Allow student loans to be discharged
Bankruptcy is an important tool in our society, and it’s one I think we should appreciate. While there might be some stigma that someone is a “loser” for filing for bankruptcy, plenty of important or powerful people needed to start over or reorganize in order to reach the heights they eventually would. Our president himself has declared bankruptcy multiple times. It’s a useful tool for everyone, and no one is a loser for using it on rare occasions.
My issue isn’t with bankruptcy as it is, but with the limitations of bankruptcy, or with one particular limitation: student loan debt.
Student loan debt is soaring to outrageous heights. It is now the largest amount of debt in the country. It is higher than credit card debt. Many young people are snowed under by these debt obligations. They are unable to save or plan for the future. They are unable to even to rent a place let along consider buying one. There will be longterm problems for the US economy if more is not done to ease this burden and allow those in debt to eventually become normal saving and spending citizens.
When the laws were put in place for student loans, they perhaps made sense. The cost of college was much less back then, and the only people who had a large student loan burden were those who went into high paying professions. Doctors can handle $50,000 or even $100,000 in student loan debt because of their future earning potential. The same is true of lawyers.
On the other hand, the average student now walks out of a bachelor’s program with at least $30,000 in debt, and that’s for any degree. A teacher will struggle to pay that money off in a decade, or even two decades and teachers are often expected to work towards a Masters once employed.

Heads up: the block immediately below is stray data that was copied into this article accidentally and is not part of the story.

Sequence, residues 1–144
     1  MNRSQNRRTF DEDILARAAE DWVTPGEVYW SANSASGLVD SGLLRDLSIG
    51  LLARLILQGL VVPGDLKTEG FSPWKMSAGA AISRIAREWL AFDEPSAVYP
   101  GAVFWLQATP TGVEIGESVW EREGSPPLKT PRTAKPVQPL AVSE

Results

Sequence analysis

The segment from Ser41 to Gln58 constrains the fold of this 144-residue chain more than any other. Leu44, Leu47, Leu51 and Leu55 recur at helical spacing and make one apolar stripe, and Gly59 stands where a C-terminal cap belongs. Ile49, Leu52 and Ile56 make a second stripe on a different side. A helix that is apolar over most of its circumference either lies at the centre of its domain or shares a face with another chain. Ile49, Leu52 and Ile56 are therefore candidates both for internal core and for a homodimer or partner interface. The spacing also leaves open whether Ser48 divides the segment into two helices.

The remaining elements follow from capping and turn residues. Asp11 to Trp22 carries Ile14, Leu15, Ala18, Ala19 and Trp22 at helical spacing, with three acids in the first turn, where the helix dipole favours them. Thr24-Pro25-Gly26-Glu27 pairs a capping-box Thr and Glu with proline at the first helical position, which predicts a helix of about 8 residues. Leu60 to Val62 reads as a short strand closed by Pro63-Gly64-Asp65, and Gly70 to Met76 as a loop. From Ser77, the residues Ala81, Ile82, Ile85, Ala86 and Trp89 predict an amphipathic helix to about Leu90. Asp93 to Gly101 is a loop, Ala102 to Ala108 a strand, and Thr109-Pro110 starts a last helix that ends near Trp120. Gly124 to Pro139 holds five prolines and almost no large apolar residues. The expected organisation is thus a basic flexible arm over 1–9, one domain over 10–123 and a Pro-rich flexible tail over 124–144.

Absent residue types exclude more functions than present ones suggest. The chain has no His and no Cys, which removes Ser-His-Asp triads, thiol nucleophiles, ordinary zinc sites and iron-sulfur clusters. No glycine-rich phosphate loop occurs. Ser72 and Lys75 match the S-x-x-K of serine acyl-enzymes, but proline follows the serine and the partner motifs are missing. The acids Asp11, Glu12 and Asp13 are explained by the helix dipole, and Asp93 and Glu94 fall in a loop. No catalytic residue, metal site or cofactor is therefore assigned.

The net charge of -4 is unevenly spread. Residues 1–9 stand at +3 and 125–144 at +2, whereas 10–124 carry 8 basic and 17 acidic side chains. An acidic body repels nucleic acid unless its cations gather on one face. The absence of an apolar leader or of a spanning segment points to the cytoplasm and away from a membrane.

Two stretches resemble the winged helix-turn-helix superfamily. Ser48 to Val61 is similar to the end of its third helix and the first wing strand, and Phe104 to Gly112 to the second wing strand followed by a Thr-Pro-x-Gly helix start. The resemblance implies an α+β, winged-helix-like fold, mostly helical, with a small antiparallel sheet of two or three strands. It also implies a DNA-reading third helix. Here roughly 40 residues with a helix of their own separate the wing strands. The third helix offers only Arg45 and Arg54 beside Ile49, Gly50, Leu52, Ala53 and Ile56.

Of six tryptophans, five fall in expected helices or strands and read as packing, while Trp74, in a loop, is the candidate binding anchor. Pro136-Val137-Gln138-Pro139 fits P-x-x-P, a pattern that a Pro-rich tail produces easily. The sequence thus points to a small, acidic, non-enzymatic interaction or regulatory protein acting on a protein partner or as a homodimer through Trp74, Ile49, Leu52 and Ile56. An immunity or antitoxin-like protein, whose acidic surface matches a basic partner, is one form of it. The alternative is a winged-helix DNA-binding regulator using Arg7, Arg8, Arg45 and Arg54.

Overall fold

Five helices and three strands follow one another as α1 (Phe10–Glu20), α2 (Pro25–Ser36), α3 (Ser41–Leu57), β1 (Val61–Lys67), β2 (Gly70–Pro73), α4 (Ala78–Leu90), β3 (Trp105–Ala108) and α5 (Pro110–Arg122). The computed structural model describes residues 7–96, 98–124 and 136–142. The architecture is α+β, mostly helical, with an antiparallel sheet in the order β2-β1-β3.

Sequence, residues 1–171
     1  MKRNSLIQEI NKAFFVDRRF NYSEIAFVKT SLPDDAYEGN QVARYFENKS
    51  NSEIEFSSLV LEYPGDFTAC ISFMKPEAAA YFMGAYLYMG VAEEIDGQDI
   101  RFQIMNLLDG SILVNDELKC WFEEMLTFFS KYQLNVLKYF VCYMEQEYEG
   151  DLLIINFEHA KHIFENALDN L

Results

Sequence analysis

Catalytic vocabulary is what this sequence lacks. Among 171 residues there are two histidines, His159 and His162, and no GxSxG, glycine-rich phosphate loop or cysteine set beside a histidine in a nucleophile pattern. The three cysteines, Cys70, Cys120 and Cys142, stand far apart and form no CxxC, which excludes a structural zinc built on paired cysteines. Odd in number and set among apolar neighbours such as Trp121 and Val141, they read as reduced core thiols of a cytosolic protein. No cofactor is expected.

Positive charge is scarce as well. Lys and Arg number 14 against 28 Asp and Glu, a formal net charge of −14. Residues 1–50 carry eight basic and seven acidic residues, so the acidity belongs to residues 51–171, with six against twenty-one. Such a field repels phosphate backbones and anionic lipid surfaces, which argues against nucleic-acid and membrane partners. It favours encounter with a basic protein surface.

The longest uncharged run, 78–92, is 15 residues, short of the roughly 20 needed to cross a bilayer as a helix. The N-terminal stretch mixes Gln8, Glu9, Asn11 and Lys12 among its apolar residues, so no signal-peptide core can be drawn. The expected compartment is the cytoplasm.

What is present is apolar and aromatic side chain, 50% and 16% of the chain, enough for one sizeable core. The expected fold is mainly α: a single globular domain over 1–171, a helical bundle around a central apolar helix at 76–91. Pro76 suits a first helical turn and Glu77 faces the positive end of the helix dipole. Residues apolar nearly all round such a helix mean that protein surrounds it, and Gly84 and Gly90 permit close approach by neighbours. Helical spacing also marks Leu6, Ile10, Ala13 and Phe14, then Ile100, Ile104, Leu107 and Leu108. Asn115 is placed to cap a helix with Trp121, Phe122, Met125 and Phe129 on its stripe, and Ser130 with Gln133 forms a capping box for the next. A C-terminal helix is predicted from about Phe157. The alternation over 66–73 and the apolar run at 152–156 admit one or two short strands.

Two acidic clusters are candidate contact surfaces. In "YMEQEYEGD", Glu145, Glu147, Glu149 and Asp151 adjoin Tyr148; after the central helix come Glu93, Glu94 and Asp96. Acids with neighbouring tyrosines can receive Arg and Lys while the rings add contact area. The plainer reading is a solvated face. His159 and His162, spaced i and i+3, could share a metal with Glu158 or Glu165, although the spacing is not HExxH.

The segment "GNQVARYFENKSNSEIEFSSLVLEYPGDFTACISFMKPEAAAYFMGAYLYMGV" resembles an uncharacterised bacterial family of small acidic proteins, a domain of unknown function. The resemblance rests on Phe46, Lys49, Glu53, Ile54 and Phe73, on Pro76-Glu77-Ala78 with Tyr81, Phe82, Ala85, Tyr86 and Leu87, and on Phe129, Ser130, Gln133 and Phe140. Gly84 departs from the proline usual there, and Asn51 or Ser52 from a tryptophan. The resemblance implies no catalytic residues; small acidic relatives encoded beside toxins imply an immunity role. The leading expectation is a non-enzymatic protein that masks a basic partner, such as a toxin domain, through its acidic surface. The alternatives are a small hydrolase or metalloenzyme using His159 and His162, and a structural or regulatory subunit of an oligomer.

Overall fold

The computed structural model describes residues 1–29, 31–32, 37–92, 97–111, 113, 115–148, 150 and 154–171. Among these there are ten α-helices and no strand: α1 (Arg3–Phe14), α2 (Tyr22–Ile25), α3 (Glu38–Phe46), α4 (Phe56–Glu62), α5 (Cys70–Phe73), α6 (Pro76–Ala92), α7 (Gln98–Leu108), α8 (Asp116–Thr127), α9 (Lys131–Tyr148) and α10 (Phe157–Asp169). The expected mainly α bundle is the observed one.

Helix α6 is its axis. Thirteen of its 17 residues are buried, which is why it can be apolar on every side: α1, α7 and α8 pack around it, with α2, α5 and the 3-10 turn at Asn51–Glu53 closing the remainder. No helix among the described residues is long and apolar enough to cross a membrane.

We now live in a time where those who received any degree, and particularly those who went to graduate school, are burdened with the kind of debt only doctors and lawyers used to have. Despite this, there is no mechanism to reorganize their debt if they fail to pay it off in a timely manner.
It can be argued (and has been) that students should have chosen better career paths, but that too has troubling problems for the country long term. While it might be argued the country doesn’t need more philosophy professors, limiting students to only choosing high-income fields means we could see an overabundance of doctors and very few of anything else throughout our society. We do need educated professionals in many areas, but with the fear of student loans that can never go away drawing people away from more diverse career options, we may find a lack of expertise in our country very soon.
If it is possible to discharge debt through bankruptcy as a business, as an individual, and as a farmer, among other things, and to get rid of credit card debt, mortgages, and other loans, there is no logical reason it should be impossible to discharge student loans as well. America just needs to change its laws.